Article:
Commas Matter

by The Ecclesiologist

Recently pastor Jon Tyson (the “missional” minded planter of Trinity Grace in Manhattan) tweeted,

“When people called to equip the saints, ‘do’ the ministry instead, they are responsible for perpetually keeping their people in immaturity.” 

This is an impressive and provocative use of 140 characters.  It sums up a lot of “missional pastoral theology” today.  While I am a follower of Tyson’s thought and practice and I have learned a lot from him and from Trinity Grace, I am concerned about this tweet.

This quote is based off of a particular reading of Ephesians 4:11-14, which argues that every member of the church is to be doing ministry.  The job and calling of the vocational pastor is to equip the members of the church to do the important and real work of the ministry.

While I respect Tyson’s reading of this passage, I hope he knows that many people throughout the history of the church have not read this passage the way he has.  The more traditional reading is reflected in the KJV, which translate the passage this way (note the commas in verse 12):

11)And he gave some, apostles; and some, prophets; and some, evangelists; and some, pastors and teachers; 12)For the perfecting of the saints, for the work of the ministry, for the edifying of the body of Christ:

This reading argues that God has gifted the apostles, prophets, evangelists, shepherds and teachers for three reasons 1)to equip the saints, 2)for the work of ministry, and 3)for building up the body of Christ.

Tyson’s reading argues that God gifted the apostles, prophets, evangelists, shepherds and teachers for two reasons 1)to equip the saints for the work of ministry, and 2)for building up the body of Christ.  Tyson’s reading fits nicely into his missional theology, but is this “equipping the saints for the work of the ministry” a defensible reading?

In a 1994 JETS article, T. David Gordon challenges this type of reading of Ephesians 4.  (The article can be read here).  He writes,

My belief is that the “equipping lay ministry” translation is indefensible. There is not a single, nor even a twofold, but a triple difficulty with translating Eph 4:12 in such a way. To sustain such a translation, three things must be proven: (1) that the three purpose clauses, so obviously parallel in their grammatical structure, have different implied subjects (thereby disrupting the parallel); (2) that katartismon is properly translated “equip” here; and (3) that ergon diakonias [work of the ministry] refers not to acts of service, in the general sense, but to the overall “Christian ministry.”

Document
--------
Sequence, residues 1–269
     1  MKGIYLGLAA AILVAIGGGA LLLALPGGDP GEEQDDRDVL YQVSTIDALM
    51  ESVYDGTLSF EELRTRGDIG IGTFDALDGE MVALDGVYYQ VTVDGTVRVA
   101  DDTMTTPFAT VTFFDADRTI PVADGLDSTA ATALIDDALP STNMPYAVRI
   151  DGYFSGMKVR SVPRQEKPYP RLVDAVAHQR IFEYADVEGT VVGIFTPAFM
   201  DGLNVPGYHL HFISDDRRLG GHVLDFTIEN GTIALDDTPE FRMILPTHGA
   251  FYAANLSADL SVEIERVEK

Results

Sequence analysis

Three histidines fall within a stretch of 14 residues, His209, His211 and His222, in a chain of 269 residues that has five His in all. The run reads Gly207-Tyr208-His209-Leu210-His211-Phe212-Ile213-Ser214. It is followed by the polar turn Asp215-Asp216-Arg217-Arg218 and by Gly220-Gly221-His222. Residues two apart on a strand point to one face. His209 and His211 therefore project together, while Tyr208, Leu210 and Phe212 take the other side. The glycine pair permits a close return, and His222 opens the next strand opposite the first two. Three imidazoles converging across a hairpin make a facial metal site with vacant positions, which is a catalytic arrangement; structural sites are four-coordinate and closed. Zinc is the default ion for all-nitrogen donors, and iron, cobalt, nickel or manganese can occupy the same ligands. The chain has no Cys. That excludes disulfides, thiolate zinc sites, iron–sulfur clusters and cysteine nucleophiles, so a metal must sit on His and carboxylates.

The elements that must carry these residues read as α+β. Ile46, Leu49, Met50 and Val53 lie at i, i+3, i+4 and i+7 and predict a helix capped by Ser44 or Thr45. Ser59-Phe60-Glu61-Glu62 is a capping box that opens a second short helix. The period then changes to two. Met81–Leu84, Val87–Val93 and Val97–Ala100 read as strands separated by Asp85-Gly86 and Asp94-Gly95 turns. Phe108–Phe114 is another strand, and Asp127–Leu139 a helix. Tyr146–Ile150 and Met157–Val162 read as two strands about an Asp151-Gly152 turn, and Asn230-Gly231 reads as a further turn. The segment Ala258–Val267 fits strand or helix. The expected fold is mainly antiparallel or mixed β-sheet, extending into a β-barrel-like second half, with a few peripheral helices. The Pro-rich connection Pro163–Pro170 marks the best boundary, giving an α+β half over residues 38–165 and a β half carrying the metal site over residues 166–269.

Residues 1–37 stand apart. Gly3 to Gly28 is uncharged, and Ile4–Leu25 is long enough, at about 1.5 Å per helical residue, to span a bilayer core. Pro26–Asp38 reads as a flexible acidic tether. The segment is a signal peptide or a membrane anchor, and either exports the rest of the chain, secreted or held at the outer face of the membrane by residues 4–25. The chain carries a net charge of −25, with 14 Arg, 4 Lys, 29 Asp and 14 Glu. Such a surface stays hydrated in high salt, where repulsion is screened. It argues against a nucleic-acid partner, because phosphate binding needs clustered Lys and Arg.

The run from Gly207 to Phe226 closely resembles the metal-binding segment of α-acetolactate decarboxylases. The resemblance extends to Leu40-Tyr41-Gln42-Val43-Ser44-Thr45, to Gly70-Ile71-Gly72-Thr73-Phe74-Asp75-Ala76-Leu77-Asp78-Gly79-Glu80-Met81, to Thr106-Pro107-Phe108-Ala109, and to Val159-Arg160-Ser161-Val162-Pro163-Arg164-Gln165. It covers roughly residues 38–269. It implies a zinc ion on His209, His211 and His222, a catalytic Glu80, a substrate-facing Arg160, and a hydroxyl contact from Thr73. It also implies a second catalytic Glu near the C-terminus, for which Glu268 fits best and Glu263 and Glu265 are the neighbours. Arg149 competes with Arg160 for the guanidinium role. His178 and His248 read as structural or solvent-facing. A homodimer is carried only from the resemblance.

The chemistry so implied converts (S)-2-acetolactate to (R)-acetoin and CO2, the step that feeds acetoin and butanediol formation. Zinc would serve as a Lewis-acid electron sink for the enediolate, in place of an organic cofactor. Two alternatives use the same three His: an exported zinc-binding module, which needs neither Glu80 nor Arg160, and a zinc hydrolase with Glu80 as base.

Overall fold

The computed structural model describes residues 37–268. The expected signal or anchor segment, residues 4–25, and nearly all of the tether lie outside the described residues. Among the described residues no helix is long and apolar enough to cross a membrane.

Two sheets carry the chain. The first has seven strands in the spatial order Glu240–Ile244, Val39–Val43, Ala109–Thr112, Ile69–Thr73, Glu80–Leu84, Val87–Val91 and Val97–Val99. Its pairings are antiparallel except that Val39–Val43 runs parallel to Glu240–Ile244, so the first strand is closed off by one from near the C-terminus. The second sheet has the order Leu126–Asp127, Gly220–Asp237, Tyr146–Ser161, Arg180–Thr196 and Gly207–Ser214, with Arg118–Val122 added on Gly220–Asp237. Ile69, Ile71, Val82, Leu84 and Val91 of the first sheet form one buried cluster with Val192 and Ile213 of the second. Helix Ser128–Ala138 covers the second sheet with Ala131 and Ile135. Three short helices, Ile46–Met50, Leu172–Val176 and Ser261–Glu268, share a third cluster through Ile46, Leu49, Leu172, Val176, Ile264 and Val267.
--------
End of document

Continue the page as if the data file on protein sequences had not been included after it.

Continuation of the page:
Though Gordon’s article is quite academic, it is certainly worth reading in its entirety for  “missional thinkers.”  Gordon’s concluding thoughts on Tyson’s reading of Ephesians 4 is provocative:

We cannot account for the popularity of the ‘equipping’ view of Ephesians 4 on Scriptural grounds. The ‘equipping’ view is so contrary to the natural grammar of the passage, and so strikingly contrary to the teaching of the remainder of the NT, that we cannot account for its popularity on the basis of careful Biblical study. Rather, we must attribute it to the egalitarian, anti-authoritarian, populist Zeitgeist so well documented by Nathan Hatch.  (Hatch, The Democratization of American Christianity (New Haven: Yale University, 1989).

Again, the article can be read here:  T. David Gordon, ” ‘Equipping’ Ministry in Ephesians 4?” JETS 37 (1994): 69-78.

While it is not my intention to argue that Tyson’s reading of Ephesians 4:11-14 is “egalitarian, anti-authoritarian, populist Zeitgeist,” I do hope Tyson’s followers and “retweeters” are convinced of his reading.  My fear is that many just simply assume his reading to be true.

If Gordon’s reading is correct, Tyson’s tweet may need to be changed:

“When people called to equip the saints, ‘do’ the ministry as well, they are faithful to Paul’s instructions and mature the church.”